Advisory Services on Employee Engagement

This is definitely the single hardest service to provide, but one that can provide a lot of long-term “intangible” value. So, with advisory services in revenue growth and cost reduction, the results are very easy to measure and very tangible, and by billing as a percentage of that, it unites both your clients and your own financial interest. However, advisory services on employee engagement are difficult to measure in financial terms. Usually, success can be measured through high retention, low turnover, employee happiness, promotions of current employees, growth of staff, involvement of management in day-to-day issues, high level of customer satisfaction and more. So, what can an accounting professional do to help their clients drive better employee engagement?

  • Execution of communicated planned activities. I think one of the most common mistakes management can make is to say they are going to do something, and not do it. Since management and ownership are often the same in the small business world, there isn’t an executive manager or leader to make sure that actions and words are always reconciled. As an independent advisor, you can keep track of all the communicated activities from management and make sure those are being executed as promised. The single biggest way for employees to lose faith and respect for the manager is to not believe them or distrust them based on this.
  • Many employees that work for my clients’ businesses have told me that what keeps them motivated is that their employees care about their personal growth, and when companies provide new training consistently, it is a win-win. Employees learn something new so that they feel more empowered, and employers get possibly more output from their newly acquired skills. As an advisor, you can provide some training, such as QuickBooks, basic accounting or financial literacy.
  • Compensation plans. It is very important that compensation is both competitive and commensurate, with the work being performed by the staff. As an advisor, you can design commission structures that align the businesses outcomes with the employees inputs, rewarding the right behaviors.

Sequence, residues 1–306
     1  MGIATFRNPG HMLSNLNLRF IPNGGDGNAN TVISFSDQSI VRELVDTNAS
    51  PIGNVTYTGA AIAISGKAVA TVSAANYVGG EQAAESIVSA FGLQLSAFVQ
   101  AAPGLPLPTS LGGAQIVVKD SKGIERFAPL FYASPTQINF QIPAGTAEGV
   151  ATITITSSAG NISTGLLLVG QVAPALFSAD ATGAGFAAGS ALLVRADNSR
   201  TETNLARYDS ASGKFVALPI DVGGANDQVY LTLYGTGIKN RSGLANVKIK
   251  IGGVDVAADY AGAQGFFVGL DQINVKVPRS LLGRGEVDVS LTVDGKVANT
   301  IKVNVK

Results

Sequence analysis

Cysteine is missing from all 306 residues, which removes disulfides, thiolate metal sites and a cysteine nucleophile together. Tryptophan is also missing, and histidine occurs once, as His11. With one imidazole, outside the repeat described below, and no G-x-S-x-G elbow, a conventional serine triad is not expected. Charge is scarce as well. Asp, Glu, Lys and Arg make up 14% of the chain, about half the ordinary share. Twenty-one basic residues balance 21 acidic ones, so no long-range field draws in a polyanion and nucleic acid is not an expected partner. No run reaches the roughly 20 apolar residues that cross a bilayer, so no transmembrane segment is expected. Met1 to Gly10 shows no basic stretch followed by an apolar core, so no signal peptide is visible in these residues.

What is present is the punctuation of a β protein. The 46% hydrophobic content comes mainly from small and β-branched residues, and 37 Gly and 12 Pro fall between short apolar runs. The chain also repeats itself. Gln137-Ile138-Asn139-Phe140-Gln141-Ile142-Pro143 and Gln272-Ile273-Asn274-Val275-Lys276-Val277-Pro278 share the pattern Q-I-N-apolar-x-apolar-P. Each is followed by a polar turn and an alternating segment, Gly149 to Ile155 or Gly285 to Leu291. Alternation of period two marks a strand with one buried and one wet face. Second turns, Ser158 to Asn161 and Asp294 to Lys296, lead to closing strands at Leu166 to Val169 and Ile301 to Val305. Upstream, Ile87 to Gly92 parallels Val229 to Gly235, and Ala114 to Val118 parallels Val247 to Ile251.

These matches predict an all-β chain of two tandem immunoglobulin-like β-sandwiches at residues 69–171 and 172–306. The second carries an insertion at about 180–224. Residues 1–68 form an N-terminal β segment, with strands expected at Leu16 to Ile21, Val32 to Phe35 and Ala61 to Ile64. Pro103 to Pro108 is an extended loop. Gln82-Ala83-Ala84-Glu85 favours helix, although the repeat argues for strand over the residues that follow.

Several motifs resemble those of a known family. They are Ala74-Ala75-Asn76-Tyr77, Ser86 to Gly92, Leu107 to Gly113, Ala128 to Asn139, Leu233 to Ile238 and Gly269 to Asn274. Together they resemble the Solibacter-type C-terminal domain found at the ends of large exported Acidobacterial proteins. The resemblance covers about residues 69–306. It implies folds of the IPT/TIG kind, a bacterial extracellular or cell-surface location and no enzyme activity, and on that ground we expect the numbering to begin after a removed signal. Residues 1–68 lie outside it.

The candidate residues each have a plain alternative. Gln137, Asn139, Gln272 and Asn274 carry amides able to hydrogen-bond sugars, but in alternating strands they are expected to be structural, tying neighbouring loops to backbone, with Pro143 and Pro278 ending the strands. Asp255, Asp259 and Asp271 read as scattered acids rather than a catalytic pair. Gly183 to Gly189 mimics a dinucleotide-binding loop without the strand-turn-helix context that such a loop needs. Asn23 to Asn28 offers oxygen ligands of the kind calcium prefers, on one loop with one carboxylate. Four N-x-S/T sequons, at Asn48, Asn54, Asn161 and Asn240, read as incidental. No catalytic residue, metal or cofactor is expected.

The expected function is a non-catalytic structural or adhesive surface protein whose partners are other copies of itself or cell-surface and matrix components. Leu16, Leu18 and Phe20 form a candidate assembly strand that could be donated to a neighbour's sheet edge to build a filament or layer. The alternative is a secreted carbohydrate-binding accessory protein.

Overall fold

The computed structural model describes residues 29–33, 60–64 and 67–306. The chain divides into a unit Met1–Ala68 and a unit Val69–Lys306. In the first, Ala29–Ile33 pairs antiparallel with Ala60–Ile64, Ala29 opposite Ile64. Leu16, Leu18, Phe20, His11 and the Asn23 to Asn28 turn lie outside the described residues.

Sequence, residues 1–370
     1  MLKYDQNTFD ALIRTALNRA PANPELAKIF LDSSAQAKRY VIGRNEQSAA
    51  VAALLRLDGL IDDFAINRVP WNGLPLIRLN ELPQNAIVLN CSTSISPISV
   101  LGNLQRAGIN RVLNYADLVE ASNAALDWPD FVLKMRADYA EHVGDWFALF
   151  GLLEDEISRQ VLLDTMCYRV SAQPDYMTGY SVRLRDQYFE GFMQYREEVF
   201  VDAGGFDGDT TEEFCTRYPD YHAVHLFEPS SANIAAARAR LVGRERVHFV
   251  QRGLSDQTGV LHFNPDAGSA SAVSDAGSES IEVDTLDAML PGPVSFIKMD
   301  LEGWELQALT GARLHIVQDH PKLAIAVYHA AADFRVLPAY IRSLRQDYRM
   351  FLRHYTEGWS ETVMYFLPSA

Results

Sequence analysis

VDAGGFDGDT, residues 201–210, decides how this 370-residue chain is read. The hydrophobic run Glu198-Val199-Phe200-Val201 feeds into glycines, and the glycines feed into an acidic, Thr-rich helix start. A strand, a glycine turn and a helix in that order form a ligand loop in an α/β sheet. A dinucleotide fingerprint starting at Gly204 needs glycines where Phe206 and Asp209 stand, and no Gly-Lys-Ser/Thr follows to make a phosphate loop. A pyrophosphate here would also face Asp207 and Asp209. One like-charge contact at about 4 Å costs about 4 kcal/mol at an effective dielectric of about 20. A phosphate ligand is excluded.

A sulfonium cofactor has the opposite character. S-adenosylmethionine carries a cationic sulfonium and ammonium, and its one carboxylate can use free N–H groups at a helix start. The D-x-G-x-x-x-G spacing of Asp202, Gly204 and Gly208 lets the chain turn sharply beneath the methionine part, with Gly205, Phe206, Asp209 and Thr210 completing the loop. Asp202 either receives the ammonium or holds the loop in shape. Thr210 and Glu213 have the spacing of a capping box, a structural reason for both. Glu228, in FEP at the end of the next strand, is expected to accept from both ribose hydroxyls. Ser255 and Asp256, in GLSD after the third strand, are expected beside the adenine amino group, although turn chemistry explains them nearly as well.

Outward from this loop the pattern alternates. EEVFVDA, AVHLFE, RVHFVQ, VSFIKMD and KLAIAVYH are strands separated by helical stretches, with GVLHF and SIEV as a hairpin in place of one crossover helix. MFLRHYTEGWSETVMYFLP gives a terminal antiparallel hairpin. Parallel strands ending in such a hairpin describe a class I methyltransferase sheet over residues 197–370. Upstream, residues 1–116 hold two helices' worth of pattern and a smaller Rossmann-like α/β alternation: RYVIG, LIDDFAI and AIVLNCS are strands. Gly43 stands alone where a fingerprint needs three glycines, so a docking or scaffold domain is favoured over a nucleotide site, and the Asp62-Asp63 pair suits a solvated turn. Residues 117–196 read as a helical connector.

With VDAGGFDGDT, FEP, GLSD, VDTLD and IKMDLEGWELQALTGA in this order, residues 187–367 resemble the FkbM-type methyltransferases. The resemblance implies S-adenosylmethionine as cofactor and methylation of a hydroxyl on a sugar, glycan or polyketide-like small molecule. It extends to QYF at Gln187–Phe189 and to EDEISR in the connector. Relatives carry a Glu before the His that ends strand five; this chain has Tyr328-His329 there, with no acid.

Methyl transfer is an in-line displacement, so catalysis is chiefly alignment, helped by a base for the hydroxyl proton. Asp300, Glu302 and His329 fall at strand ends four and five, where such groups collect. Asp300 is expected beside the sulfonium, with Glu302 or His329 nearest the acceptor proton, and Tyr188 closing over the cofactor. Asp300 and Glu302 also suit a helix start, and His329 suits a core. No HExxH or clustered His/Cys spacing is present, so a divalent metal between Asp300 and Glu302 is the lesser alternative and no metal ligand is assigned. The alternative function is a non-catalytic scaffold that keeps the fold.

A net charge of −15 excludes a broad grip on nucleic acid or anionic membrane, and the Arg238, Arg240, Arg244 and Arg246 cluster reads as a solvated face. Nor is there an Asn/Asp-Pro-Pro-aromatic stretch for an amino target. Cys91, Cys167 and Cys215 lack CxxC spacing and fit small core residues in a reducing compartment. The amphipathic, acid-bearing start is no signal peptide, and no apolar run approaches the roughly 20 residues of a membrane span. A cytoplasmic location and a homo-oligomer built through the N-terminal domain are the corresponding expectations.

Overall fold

• Periodic reviews and feedback. Employees want to know how they are doing and what impact they are creating for the company they work in. They also need to know that they are on a path for personal and financial growth; otherwise, they will shop for jobs somewhere else. As an advisor, you can help measure some of the financial impact your employees have had in the company, whether it’s through more sales or cost reduction.

Engaged employees that trust their management are well trained, feel they are compensated fairly, and have long-terms plans to grow within the company that will surely translate to revenue growth or cost reduction. Therefore, unless employees are engaged, all other strategic plans to grow sales or control costs may fail. So, it behooves the advisor to include some sort of employee engagement activities in their advisor services, in order to complement any tangible financial-driven advisory. Sometimes, the advisor’s role as a “partner” is more emotional than financial, as engaging in these activities have the most unpredictable results.

At the end of the day, you may engage with your clients in any traditional accounting services or advisor services that can have a high impact in your client’s business; but, being their “partner,” it’s about taking risks during the engagement and reaping the rewards together, as well as feeling your client’s pain points by guarantying positive results and becoming emotionally involved in their success.


Everything I have learned about providing advisory services came from these books:

And, some great podcasts: